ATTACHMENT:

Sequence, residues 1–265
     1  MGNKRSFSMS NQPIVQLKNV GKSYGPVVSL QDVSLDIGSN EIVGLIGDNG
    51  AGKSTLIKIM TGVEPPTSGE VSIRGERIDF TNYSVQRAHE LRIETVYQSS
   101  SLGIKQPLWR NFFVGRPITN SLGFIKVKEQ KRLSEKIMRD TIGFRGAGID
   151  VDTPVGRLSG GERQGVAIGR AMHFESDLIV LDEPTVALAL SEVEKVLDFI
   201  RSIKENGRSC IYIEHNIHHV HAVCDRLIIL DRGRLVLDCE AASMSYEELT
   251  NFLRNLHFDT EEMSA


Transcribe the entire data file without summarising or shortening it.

Sequence, residues 1–265
     1  MGNKRSFSMS NQPIVQLKNV GKSYGPVVSL QDVSLDIGSN EIVGLIGDNG
    51  AGKSTLIKIM TGVEPPTSGE VSIRGERIDF TNYSVQRAHE LRIETVYQSS
   101  SLGIKQPLWR NFFVGRPITN SLGFIKVKEQ KRLSEKIMRD TIGFRGAGID
   151  VDTPVGRLSG GERQGVAIGR AMHFESDLIV LDEPTVALAL SEVEKVLDFI
   201  RSIKENGRSC IYIEHNIHHV HAVCDRLIIL DRGRLVLDCE AASMSYEELT
   251  NFLRNLHFDT EEMSA